• sample matrices[34][35]
    • production scales[36][37]
    • population profiles and sizes[38][39]
    • out-of-specification] (OOS) investigations, due to the contamination of testing reagents, glasswares, the aging of equipment/devices, or the depreciation of associated assets etc.[40][41]
In GLP accredited laboratories, verification/revalidation will even be conducted very often against the monographs of the Ph.Eur., IP to cater for multinational needs or USP and BP etc to cater for national needs.[42] These laboratories must have method validation as well.[43]
  • Concurrent validation – conducted during a routine processing of services, manufacturing or engineering etc. Examples of these could be
    • duplicated sample analysis for a chemical assay
    • triplicated sample analysis for trace impurities at the marginalized levels of detection limit, or/and quantification limit
    • single sample analysis for a chemical assay by a skilled operator with multiplicated online system suitability testings

Aspects of analytical methods validation[edit]

The most tested attributes in validation tasks may include, but are not limited to

  • Sensitivity and specificity
  • Accuracy and precision
  • Repeatability
  • Reproducibility
  • Limit of detection – especially for trace elements
  • Limit of quantification
  • Curve fitting and its range
  • System suitability – A test run each time an analysis is performed to ensure the test method is acceptable and is performing as written. This type of check is often run in a QC Lab. Usually, system suitability is performed by analyzing a standard material (House standard or reference standard) before the unknowns are run in an analytical method. Statistical analysis and other parameters must pass preset conditions to ensure the method and system are performing correctly.

For example, in an HPLC purity analysis of a drug substance, a standard material of the highest purity would be run before the test samples. The parameters analyzed might be (for example) % RSD of area counts for triplicate injections or chromatographic parameters checked such as retention time. The HPLC run would be considered valid if the system suitability test passes and ensures the subsequent data collected for the unknown analytes are valid. For a longer HPLC run of over 20 samples, an additional system suitability standard (called a "check standard") might be run at the end or interspersed in the HPLC run and would be included in the statistical analysis. If all system suit standards pass, this ensures all samples yield acceptable data throughout the run, and not just at the beginning. All system suitability standards must be passed to accept the run.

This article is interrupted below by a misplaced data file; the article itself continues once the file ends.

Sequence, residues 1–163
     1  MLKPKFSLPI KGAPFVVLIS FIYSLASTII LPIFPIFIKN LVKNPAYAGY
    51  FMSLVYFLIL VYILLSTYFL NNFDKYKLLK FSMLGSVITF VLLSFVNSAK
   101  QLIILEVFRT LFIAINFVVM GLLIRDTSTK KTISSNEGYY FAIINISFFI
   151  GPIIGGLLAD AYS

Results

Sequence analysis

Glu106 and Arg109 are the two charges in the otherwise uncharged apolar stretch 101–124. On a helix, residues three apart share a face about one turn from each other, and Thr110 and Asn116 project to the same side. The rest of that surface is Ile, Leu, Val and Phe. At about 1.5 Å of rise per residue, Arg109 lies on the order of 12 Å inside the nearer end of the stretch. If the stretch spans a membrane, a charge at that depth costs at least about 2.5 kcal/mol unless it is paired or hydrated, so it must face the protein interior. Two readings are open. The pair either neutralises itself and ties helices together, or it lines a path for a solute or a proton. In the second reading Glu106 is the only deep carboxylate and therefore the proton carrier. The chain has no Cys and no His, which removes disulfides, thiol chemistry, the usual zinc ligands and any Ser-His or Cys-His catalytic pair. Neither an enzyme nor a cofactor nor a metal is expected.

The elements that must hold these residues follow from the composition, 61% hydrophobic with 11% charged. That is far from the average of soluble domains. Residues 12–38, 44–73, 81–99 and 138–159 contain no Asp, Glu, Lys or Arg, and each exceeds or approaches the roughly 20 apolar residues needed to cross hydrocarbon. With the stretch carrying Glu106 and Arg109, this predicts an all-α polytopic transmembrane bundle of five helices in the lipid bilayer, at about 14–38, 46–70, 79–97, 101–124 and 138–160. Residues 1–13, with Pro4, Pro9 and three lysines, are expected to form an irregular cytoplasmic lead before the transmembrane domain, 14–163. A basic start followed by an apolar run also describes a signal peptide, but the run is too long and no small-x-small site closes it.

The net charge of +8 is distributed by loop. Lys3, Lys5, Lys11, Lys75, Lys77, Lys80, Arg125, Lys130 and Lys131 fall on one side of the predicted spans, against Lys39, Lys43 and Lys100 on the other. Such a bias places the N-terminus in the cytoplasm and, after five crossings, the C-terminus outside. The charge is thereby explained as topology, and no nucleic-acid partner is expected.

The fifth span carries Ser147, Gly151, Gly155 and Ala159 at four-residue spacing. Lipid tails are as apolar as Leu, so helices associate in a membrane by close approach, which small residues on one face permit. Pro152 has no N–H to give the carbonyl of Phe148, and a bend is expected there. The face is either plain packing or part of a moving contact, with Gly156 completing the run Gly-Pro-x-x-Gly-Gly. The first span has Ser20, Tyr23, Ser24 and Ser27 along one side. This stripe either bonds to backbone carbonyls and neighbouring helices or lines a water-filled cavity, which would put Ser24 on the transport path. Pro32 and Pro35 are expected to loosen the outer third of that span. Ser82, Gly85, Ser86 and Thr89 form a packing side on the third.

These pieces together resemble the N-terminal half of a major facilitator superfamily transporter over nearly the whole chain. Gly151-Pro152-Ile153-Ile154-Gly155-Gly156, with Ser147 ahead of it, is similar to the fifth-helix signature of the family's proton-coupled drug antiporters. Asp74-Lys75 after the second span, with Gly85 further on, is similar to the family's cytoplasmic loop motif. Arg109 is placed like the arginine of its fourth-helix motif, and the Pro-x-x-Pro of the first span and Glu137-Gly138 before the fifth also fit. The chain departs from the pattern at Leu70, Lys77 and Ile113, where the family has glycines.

In a broad way, it usually includes a test of ruggedness among inter-collaborators, or a test of robustness within an organization[44][45][46] However, the U.S. Food and Drug Administration (FDA) has specifically defined it for its administration, as "System suitability testing is an integral part of many analytical procedures. The tests are based on the concept that the equipment, electronics, analytical operations and samples to be analyzed constitute an integral system that can be evaluated as such. System suitability test parameters to be established for a particular procedure depend on the type of procedure being validated".[47] In some cases of analytical chemistry, a system suitability test could be rather a method specific than universal. Such examples are chromatographic analysis, which is usually media (column, paper or mobile solvent) sensitive[48][49][50] However to the date of this writing, this kind of approaches are limited to some of pharmaceutical compendial methods, by which the detecting of impurities, or the quality of the intest analyzed are critical (i.e., life and death). This is probably largely due to: